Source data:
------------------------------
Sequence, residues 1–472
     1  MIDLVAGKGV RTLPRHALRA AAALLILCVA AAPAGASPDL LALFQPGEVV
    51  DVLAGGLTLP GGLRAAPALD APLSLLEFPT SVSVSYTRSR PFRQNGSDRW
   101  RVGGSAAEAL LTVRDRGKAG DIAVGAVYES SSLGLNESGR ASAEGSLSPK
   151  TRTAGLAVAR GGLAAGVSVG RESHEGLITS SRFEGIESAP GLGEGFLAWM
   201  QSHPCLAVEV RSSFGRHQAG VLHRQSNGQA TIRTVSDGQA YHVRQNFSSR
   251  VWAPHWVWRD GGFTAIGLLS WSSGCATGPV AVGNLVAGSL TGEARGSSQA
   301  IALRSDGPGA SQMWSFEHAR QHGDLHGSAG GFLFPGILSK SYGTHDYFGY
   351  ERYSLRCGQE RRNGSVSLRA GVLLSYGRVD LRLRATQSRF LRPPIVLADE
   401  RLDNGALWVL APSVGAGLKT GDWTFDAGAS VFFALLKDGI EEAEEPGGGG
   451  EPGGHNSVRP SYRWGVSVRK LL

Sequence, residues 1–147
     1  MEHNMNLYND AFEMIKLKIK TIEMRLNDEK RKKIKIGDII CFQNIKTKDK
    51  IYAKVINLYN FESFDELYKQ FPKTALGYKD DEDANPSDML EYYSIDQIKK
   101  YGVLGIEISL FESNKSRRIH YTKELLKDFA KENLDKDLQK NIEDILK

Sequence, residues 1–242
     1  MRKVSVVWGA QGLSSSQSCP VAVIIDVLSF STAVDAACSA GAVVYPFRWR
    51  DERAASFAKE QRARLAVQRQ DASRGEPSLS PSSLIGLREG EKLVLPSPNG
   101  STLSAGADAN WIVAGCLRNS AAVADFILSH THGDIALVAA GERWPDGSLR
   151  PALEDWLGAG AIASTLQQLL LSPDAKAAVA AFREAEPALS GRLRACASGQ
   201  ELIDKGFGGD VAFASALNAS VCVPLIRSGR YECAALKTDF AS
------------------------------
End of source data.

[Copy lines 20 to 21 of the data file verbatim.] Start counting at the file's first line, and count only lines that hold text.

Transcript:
   151  PALEDWLGAG AIASTLQQLL LSPDAKAAVA AFREAEPALS GRLRACASGQ
   201  ELIDKGFGGD VAFASALNAS VCVPLIRSGR YECAALKTDF AS